The IFS investigated the change in expenditure on fuel as a proportion of total household budget following the receipt of the winter fuel payment benefit. Through various statistical techniques they came to the conclusion above. But –and this is the killer ‘but’- the winter fuel allowance is automatically paid… at the onset of winter.  Would people spend the extra £200-£300 in heating their homes if the allowance were paid in, say, June? Hardly so, even if it were re-labelled ‘the extremely polar conditions mother of all winters payment’. The IFS did not take into account one decisive factor: the time of year the payment is given. True, no-one can disentangle the likely influence of labelling and timing on how the winter fuel allowance is spent –but the consequence of this impossibility is that the existence of a labelling effect is far from established.

We, at Age UK, welcome the fact that recipients of the winter fuel payment spend more on fuel, of course, but this is beside the point: this extra spending may not come as a consequence of the word ‘fuel’ but of the allowance being paid when people need to heat their houses most –it’d be more the ‘winter’ side of things than the ‘fuel’. Hence, it’d be very premature to draw the conclusion that benefit recipients could be nudged towards consuming this or that by merely labelling and re-labelling allowances. It might work, it might not. The IFS paper didn’t prove it.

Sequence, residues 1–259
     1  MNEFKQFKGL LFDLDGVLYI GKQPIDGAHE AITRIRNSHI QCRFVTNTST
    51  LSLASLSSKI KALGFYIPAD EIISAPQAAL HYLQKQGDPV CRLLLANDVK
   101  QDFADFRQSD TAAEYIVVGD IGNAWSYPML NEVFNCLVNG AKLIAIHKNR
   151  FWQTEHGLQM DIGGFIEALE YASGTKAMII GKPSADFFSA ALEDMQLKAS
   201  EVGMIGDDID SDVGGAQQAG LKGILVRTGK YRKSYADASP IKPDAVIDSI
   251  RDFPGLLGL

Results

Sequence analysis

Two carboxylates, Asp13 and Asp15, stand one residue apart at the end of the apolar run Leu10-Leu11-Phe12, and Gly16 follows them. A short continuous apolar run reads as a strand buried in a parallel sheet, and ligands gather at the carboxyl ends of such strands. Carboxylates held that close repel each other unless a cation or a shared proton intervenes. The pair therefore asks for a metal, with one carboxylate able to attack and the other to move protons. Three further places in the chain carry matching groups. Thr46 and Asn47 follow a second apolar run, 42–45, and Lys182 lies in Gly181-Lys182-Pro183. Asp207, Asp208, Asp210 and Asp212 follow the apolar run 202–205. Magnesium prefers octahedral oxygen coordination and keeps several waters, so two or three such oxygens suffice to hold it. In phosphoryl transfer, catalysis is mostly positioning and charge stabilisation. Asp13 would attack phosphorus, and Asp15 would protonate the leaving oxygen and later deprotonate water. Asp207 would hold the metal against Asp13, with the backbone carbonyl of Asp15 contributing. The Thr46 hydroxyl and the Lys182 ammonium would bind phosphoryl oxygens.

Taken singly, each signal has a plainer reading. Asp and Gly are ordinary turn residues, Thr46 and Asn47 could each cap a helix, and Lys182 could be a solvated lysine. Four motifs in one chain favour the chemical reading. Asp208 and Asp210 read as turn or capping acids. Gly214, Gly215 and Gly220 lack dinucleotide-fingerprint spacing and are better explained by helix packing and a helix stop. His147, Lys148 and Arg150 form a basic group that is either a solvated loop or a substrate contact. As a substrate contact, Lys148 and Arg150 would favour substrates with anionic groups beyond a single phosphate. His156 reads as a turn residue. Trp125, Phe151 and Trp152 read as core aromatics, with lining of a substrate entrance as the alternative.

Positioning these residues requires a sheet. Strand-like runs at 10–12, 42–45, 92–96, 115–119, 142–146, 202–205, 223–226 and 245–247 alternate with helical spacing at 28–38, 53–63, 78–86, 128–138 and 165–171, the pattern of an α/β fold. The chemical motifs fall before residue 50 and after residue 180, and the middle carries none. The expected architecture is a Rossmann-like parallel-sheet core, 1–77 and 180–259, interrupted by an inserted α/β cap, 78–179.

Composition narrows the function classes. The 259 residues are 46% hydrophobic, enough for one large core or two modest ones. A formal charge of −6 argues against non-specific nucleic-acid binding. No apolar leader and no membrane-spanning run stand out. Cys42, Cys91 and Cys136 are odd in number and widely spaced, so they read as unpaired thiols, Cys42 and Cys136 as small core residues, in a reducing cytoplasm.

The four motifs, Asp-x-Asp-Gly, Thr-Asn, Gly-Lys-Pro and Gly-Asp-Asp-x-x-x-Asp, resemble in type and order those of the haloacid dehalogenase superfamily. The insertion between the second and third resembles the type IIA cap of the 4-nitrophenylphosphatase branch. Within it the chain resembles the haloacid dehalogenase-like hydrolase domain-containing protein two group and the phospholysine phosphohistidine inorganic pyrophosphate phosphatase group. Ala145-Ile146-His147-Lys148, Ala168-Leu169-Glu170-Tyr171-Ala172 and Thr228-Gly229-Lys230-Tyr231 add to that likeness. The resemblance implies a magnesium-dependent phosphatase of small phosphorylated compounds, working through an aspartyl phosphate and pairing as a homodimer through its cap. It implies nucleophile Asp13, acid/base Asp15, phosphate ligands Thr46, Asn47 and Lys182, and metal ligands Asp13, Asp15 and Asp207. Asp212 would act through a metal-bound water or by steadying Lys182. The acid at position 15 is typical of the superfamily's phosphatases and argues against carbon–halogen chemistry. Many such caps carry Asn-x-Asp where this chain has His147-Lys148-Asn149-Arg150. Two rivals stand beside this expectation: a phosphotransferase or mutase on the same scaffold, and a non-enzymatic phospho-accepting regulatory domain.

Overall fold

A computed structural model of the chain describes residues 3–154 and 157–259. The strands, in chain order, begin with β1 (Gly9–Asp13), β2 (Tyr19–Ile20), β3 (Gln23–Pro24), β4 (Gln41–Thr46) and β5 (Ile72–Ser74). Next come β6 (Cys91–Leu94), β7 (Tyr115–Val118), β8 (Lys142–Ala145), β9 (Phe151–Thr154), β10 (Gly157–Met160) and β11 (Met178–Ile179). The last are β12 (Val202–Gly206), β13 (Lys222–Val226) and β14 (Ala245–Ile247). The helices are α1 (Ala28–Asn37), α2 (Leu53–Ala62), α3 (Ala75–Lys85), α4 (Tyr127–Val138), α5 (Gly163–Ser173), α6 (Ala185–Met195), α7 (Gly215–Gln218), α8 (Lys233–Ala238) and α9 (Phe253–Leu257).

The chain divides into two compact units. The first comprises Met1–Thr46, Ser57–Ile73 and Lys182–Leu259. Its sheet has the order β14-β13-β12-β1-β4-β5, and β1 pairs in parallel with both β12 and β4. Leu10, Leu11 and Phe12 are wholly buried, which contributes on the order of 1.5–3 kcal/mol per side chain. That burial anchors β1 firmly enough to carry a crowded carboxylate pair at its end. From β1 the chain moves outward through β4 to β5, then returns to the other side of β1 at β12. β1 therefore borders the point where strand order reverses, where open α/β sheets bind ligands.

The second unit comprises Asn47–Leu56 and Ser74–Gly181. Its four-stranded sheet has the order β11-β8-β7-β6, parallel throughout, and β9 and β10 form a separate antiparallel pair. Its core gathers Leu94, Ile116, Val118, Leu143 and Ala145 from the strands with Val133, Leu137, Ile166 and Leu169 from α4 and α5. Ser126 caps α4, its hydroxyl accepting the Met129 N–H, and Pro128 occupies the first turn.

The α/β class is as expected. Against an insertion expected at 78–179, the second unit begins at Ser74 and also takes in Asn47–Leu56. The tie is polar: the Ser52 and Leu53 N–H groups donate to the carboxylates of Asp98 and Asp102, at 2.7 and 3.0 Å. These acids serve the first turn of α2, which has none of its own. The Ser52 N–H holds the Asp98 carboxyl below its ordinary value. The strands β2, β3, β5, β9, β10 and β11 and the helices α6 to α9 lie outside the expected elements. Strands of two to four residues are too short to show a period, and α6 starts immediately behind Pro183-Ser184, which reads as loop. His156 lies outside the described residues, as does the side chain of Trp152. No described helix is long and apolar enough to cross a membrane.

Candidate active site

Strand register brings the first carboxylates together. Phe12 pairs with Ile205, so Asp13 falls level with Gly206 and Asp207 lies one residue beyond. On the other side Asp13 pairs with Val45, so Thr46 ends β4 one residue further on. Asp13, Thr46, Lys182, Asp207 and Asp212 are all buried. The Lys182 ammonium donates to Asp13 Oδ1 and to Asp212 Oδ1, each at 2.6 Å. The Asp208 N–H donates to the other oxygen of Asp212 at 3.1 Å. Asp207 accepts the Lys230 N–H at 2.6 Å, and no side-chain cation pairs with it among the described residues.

In some countries in Latin America, the annual salaries are divided into 13 payments –not because there are thirteen months, just in case you wonder. The 13th instalment –known as ‘aguinaldo’ in Spanish- corresponds to a payment given a couple of weeks before Christmas. What do people do with their ‘aguinaldo’? They spend it disproportionately on Christmas gifts, dos and dinners, and the vacations they tend to take shortly after. I remember one year in Argentina the government decided to postpone the payment of the ‘aguinaldo’ until the beginning of January. That year, Christmas dinners lacked some of the usual trimmings and retailers saw their seasonal sales plummet, but the following month there was more pocket money to spend by the seaside than usual. Continue reading